Saturday, December 23, 2017

12 Days of Christmas Movies #10: Love Actually (2003)

Happy Holidays everyone! To celebrate the most wonderful time of the year, I've decided to complete a daily review series of 12 Christmas movies leading up to the big 12/25. To qualify, the movies have to be tied to Christmas in some way and also something I've never seen before. I'll be going in chronological order. So, without further ado, if you got chestnuts, roast 'em - and enjoy my 12 Days of Christmas Movies!

Love Actually
Dir. Richard Curtis

Inspiring the likes of Valentine's Day and New Year's Eve, the "dozen celebrity couples falling in love on a holiday" genre starts with Love Actucally. It's really the Pulp Fiction of romantic comedies in that there really is no main character - it's more a tableau of different situations in which people find love. Well, at least this movie's definition of love. I personally found many of the relationships unrealistic and troubling, especially considering in some circles this movie is an annual Christmas viewing!

It would take up too much time to go over every individual plot thread (or just to list the actors), but the basic description of each scenario seems unromantic on their own. There's a grieving father helping his young stepson seduce a girl, ultimately encouraging him to trespass through a post-9/11 airport security checkpoint so he can ask her out. There's a guy trying to hook up with his best friend's wife. There's a man who's willing to risk losing his wife and children by buying a fancy necklace for a sexy co-worker. There's an older man trying to seduce a Portuguese woman half his age who doesn't even speak English. Even the Prime Minister has a twisted sense of love - he fires a woman mostly because she's hot and he wants to go out with her.

You're fired. Hey, you want to go out?
Based on the above "romances," it seems that ultimately this movie is saying that love is largely based on instant physical attraction. Because so many stars and characters are crammed into this movie, we learn little about their personal lives or interests - things that really matter in believing a relationship. What we're left with is shallow hot people desperate to take other hot people to bed. Ironically, the most romantic, natural relationship in the movie was between two awkward stand-ins for what appears to be a pornographic film. Their "intimate" work environment is more or less routine, so sex lost its meaning - by default they had to form something akin to a charming bond.

How I Met Your Mother
Another thing that Love Actually seems to promote during courtship rituals are "grand gestures." A staple in the chick flick genre, these moments are when a character makes a bold, pre-meditated, clever declaration of love, typically in front of an audience. This movie is FILLED with them, endorsing the idea that your crush will swoon over you if your production values are high enough. Probably the creepiest example of this is when Andrew Lincoln (pre-Walking Dead) woos his best friend's wife (Keira Knightley) by posing as a Christmas caroler at their door and silently flashing "I love you" declarations on cue cards. This is after it's made clear that his videotape of their wedding only included close-up shots of her face. This is the movie people gush over every year?!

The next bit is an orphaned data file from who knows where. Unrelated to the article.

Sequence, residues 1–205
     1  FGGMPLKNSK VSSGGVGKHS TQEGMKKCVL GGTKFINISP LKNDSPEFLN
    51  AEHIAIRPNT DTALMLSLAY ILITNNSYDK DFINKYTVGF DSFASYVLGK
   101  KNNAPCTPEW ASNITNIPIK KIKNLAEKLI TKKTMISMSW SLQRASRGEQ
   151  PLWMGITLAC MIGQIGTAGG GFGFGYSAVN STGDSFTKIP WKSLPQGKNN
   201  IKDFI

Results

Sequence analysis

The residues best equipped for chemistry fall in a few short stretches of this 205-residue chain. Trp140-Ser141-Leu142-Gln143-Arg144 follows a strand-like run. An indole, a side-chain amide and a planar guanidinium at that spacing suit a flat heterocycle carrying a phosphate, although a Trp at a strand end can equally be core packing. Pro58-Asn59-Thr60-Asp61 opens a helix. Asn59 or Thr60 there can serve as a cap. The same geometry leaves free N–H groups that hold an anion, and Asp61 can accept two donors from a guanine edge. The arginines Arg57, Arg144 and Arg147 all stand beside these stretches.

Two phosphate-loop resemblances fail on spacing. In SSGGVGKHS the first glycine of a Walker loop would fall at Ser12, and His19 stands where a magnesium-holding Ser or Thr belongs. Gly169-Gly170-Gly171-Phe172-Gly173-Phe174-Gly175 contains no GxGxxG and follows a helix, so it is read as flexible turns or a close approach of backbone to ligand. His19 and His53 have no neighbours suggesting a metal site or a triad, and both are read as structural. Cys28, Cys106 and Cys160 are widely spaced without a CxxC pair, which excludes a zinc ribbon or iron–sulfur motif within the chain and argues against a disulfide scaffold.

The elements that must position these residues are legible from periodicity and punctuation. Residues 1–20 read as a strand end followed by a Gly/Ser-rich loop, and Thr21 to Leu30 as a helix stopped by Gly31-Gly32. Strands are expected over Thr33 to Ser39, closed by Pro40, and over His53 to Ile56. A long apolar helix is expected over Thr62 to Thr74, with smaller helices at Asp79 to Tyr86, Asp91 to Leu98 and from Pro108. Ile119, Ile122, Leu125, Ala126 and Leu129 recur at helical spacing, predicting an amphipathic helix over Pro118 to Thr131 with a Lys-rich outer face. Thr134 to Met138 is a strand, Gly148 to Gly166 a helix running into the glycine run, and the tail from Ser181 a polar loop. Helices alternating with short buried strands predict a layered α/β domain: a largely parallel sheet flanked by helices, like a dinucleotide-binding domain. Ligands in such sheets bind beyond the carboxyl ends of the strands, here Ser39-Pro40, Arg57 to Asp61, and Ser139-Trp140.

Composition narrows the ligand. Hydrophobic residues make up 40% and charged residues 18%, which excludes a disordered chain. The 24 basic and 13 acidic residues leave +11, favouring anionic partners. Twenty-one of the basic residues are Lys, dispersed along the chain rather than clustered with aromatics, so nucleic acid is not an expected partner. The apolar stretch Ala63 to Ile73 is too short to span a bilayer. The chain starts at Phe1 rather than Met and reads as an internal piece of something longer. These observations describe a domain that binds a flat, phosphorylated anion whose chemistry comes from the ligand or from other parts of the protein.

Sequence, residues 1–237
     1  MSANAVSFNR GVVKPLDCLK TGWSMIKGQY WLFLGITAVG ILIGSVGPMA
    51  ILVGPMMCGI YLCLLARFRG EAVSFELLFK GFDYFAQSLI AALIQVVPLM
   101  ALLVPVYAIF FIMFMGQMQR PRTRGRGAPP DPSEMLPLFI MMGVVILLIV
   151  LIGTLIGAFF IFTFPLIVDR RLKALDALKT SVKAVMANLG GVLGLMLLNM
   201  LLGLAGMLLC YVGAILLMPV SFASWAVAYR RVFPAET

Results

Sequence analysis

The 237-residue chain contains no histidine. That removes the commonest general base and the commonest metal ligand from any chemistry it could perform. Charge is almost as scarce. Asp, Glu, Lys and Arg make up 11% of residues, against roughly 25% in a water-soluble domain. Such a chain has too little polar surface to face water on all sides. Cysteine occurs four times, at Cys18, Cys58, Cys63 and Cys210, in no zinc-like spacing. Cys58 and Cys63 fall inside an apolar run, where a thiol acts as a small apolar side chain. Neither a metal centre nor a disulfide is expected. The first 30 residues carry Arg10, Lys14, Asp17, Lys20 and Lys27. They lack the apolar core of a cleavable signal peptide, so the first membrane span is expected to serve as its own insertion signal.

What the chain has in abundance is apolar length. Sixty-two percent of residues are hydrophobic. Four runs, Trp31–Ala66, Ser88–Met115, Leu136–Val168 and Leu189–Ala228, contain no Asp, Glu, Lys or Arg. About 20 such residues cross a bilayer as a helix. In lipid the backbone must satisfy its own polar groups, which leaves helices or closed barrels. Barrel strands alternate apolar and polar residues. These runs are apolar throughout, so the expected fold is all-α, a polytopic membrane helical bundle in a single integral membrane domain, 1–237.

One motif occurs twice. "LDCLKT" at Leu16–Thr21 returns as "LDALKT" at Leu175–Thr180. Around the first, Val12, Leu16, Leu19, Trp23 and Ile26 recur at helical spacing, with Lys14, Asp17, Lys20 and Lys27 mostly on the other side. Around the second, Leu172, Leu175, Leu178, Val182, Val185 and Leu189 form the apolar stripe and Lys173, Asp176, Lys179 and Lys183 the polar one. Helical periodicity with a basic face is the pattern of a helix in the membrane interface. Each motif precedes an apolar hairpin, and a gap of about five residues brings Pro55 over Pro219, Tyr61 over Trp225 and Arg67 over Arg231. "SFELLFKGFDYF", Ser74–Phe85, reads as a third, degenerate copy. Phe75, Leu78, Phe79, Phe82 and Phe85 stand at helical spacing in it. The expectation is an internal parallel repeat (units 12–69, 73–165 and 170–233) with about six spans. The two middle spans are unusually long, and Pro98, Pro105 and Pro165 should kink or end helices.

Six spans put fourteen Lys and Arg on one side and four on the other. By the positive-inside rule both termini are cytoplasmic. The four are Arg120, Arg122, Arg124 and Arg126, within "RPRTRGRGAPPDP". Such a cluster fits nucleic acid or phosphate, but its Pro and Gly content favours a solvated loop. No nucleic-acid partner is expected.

He'll be "walking dead" if her husband catches him
Don't get me wrong, I'm not averse to rom-coms where love exists in a heightened reality and happens in a somewhat unrealistic way (just check my review on The Shop Around the Corner). But I believe that this movie isn't even really about love. It's about the fantasy that you can have anyone you want, whenever you want, as long as you're hot. This cynicism is made explicit repeatedly with unnecessary fat jokes throughout the film. Before Colin Firth makes his grand gesture, he asks his intended's father for her hand in marriage. Then the girl's overweight sister appears behind him as a punchline - "What, her?"

While there are some sporadic funny moments here and there, and the superb cast elevates the shlocky material, it was tough for me to get over the serious cheese on display here. Love Actually posits that you don't need to learn a damn thing about a person to fall in love - it's perfect for the generation used to finding a mate by "swiping right."

Rating: 2.5 out of 5


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